Daniel Evans claims directing career path ‘more difficult’ than acting
Daniel Evans has claimed emerging directors face more challenges than performers in forging a career, stating there are a “limited number of opportunities” for them.
Evans, the artistic director of Chichester Festival Theatre, said that it was “more difficult” for directors compared to actors, who benefit from the “proliferation of TV and film”.
“They [actors] used to go to the regional reps to train and then move to the capital in theatre and then eventually move on to film. For a director there are a limited number of opportunities. Even the fringe is difficult because directors often have to produce and market their own work, which is rewarding but also exhausting,” he said.
In the latest Equity magazine, Evans added that he knew directors who have produced two or three shows on the fringe and were looking to graduate to regional theatre work.
“They find that leap incredibly hard. In part that’s because it’s hard to get potential employers to see their work but also because they’re being asked to work on a much larger canvas. Until someone gives you a chance on that scale, it’s hard to practise,” he said.
Evans also addressed diversity in the industry, and said that society was becoming “polarised, both politically and economically”.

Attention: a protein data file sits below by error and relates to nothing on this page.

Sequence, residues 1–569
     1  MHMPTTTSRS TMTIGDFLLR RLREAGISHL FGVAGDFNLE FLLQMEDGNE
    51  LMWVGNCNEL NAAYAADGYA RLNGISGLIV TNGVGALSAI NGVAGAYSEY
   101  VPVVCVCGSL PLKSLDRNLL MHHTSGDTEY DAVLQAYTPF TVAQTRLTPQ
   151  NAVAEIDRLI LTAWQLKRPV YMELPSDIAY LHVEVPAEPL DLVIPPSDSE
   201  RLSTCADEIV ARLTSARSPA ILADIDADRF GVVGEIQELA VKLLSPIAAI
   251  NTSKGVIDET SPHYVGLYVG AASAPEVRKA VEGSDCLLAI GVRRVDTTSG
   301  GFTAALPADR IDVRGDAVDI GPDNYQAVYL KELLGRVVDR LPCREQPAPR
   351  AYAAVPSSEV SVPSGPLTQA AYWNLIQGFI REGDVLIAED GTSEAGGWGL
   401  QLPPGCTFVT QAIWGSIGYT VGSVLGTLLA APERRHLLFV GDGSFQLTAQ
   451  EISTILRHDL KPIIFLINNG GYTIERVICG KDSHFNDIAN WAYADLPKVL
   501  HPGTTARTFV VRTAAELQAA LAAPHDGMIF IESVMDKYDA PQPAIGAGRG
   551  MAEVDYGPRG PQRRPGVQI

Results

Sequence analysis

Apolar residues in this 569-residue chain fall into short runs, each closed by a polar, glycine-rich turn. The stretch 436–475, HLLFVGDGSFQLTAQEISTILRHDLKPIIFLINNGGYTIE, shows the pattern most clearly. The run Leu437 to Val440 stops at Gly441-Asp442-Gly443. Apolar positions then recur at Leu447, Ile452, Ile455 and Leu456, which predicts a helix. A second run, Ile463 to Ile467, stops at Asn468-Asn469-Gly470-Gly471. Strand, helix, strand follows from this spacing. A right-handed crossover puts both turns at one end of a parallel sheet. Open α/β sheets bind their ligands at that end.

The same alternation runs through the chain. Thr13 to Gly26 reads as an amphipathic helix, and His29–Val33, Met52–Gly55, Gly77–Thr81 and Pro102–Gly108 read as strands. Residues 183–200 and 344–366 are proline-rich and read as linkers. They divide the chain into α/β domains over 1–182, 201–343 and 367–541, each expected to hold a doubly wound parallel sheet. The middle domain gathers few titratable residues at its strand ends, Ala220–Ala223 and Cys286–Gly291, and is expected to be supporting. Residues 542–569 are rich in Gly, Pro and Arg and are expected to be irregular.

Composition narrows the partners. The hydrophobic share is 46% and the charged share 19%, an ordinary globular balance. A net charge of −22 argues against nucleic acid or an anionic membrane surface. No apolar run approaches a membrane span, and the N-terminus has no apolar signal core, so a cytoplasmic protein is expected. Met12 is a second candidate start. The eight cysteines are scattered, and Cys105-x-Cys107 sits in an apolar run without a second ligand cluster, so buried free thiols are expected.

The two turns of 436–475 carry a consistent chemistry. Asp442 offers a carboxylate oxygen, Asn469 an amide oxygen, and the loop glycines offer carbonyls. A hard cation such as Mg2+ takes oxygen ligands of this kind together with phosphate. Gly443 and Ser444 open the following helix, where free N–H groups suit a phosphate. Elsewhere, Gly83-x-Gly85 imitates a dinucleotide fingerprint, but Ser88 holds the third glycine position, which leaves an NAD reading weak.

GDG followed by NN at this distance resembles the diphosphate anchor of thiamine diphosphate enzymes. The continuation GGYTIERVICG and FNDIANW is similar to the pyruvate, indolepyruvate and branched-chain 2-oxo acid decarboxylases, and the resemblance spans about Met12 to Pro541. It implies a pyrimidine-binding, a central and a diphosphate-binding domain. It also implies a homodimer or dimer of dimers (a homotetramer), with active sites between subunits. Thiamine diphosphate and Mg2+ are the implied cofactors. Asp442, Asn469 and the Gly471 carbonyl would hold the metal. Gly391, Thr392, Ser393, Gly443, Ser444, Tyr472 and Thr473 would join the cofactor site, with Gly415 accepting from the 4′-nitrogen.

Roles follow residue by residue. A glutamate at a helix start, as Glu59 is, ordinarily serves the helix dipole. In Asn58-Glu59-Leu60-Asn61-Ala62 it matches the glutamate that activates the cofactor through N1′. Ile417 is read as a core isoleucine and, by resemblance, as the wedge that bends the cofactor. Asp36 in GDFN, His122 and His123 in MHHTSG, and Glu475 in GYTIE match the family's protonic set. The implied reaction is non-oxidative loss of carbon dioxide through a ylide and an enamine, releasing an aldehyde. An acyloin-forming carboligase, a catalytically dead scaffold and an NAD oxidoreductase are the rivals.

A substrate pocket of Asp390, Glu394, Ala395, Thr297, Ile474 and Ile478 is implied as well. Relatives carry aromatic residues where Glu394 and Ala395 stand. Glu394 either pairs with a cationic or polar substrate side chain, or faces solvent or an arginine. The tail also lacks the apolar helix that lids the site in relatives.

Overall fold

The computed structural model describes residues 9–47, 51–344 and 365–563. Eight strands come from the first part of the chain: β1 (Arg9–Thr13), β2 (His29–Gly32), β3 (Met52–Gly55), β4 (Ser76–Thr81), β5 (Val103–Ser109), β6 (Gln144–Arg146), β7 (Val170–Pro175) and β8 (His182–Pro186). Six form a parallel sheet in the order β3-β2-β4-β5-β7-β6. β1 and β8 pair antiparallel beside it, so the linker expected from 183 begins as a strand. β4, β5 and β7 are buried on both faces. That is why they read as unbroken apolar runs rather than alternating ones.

“This means we need to ensure that our organisations are open and welcoming to different kinds of people, that the plays we put on are representative of the world as we know it, so that people can see themselves reflected in art,” he said.
We need your help…
When you subscribe to The Stage, you’re investing in our journalism. And our journalism is invested in supporting theatre and the performing arts.
The Stage is a family business, operated by the same family since we were founded in 1880. We do not receive government funding. We are not owned by a large corporation. Our editorial is not dictated by ticket sales.
We are fully independent, but this means we rely on revenue from readers to survive.
Help us continue to report on great work across the UK, champion new talent and keep up our investigative journalism that holds the powerful to account. Your subscription helps ensure our journalism can continue.